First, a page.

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"Take heed that ye despise not one of these little ones; for I say unto you that in heaven their angels do always behold the face of my Father which is in heaven."—Matt. 18:10.

Some of the disciples had come to Jesus desiring to know who is the greatest in the kingdom of heaven; and Jesus called a little child to him, and setting him in the midst of them said, "Verily I say unto you, except ye be converted, and become as little children, ye shall not enter the kingdom of heaven." What a charm there is in childhood's simplicity, faith, love, hope and its meek teachable spirit. It confidently takes your hand to be led where you please, and you may write upon its blank pages whatever you will.

Just so God would have men be, but it takes very thorough converting to bring them back to the simplicity of childhood. As they have grown to years of maturity hope has so often been blighted, faith so often betrayed, and love rebuffed, that the simplicity and meekness of childhood has been displaced by the art, the selfishness and the proud, haughty spirit which despises instruction.

But God comes with abundant proof of his love, and with promises to inspire hope and faith, and requires of us a return to childhood's simple faith, not in men, but in God who will never betray it. Those who have thus come to childlike faith and obedience to God, he calls his "little ones." And like as a father pitieth his children, so the Lord pitieth his little ones that love him. (Psa. 103:13.) He has pity and patience for all their weak, imperfect efforts to do his will, and his special care is over all his little ones, whether young or old in years.

God's special care and love for these is strongly expressed in the above words of our Lord. "Their angels do always behold the face of my Father." God has given his angels special charge of these. "Are they not all ministering spirits sent forth to minister to them who shall be heirs of salvation?" (Heb. 1:14.) And these unseen ministers of the saints always have access to our Father. O how little we realize the wondrous care that is over us. Even "the very hairs of your head are all numbered (Matt. 10:30); an innumerable company of angels who have constant access to our Father watch over us continually, and no good thing will he withhold, while every seeming ill shall be made to work together for our good. Does poverty, sickness, loss of friends or any other ill distress you? ever remember and be comforted by the blessed assurance that none of these things can separate us from the love of God. (Rom. 8:35.)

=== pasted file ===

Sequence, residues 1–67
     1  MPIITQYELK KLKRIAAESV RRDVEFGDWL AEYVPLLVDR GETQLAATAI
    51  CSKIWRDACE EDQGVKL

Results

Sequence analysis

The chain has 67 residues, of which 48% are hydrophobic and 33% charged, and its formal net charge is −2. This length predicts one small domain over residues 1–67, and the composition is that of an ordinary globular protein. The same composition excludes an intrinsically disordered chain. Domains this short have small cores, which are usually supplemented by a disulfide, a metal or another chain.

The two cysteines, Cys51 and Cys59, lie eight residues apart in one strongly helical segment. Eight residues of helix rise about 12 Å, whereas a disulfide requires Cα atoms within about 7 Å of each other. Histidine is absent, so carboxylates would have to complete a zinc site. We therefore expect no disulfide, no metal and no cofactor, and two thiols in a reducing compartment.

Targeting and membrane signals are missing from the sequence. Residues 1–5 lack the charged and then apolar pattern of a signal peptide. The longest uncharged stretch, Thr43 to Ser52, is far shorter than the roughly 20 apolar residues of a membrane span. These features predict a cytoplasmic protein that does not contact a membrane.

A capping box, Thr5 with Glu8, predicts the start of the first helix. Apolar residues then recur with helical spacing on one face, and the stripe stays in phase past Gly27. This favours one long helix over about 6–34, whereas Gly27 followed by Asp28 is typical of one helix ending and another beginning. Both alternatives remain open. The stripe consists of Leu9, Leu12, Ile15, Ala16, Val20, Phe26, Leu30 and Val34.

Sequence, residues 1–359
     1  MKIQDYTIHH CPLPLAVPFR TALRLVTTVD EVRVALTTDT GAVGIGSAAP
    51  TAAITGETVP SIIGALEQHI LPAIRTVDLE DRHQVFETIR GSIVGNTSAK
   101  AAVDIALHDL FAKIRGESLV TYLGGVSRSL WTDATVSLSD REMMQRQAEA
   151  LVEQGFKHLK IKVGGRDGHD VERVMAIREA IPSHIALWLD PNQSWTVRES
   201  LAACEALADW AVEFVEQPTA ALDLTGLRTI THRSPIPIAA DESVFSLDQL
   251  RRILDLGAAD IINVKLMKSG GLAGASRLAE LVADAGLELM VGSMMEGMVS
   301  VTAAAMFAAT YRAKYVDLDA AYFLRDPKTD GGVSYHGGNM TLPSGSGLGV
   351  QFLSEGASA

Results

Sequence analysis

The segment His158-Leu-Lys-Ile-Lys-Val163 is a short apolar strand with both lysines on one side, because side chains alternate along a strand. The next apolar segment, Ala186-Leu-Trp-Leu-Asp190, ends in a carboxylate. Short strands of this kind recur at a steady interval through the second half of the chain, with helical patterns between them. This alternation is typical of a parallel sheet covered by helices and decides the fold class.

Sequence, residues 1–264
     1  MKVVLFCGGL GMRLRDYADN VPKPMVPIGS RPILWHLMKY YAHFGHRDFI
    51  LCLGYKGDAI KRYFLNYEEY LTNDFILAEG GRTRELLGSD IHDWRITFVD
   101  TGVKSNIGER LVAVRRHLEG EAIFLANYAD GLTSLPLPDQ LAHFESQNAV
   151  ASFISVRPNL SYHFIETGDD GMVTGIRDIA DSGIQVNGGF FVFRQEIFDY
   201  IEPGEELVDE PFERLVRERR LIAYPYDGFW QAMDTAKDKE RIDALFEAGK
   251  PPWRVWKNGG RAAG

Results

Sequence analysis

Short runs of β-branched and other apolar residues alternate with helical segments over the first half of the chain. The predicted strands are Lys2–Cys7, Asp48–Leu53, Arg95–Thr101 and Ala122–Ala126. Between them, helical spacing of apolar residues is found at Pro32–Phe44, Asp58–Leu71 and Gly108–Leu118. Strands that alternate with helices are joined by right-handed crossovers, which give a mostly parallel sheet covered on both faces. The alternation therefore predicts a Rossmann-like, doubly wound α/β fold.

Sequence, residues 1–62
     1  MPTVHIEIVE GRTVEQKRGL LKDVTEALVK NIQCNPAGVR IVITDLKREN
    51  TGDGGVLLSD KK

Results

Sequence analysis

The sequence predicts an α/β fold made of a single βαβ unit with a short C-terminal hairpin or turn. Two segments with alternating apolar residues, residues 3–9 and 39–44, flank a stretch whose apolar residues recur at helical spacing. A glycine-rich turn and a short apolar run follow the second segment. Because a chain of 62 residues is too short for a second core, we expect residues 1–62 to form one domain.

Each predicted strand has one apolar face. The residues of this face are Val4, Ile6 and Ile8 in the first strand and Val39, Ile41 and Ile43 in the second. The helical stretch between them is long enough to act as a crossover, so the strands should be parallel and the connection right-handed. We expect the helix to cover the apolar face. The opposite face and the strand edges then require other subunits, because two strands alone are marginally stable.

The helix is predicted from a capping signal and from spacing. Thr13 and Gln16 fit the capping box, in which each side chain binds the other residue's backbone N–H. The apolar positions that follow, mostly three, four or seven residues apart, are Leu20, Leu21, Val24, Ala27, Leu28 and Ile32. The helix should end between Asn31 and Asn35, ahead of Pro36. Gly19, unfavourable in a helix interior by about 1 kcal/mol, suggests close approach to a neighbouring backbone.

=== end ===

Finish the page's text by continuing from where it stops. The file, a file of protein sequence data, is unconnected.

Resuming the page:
Neither should any of these things separate God's children from one another. If they do, it is a sure indication that those so influenced are losing the spirit of God and turning back to the spirit of the world. Jesus specially warns us on this point, saying, that if God and all the heavenly hosts of superior beings so love, and esteem it a privilege to serve these little ones, see that ye despise them not.

We believe that there are many of these "little ones" yet in the nominal church who, because of adverse worldly circumstances, are despised and unnoticed by the proud professors of Christianity who occupy the prominent positions in Babylon. We would suggest to the many who have asked, What can I do in the Lord's service? that here is a wide field of usefulness open to the average talent.

There are doubtless those in every locality who are hungry for Christian sympathy and help. You can make it your business to seek them out and feed them with the precious truth which has so nourished you. If you have no ability to preach in a public way, how freely you can tell the blessed story in your own way, when heart to heart you can meet with some of the Lord's little ones. Many of them have become so accustomed to being despised and indifferently passed by, that your genial sympathy and help would be greatly appreciated.

A little special effort, or, perhaps, more than a little, may make you acquainted with many such, and you will find abundant opportunity for the use of your talents right in your own locality. We should not be too quick to decide that all who are in Babylon are of Babylon, else all effort will be paralyzed, and many precious opportunities of service lost. It should be our constant endeavor to be co-workers with God and with all his unseen hosts of ministering spirits.

But in all our efforts, let us remember the instruction to be wise as serpents and harmless as doves, not giving strong meat to those who are babes in Christ, but first the sincere milk of the word, and afterward stronger truth as they are able to bear it. MRS. C. T. R.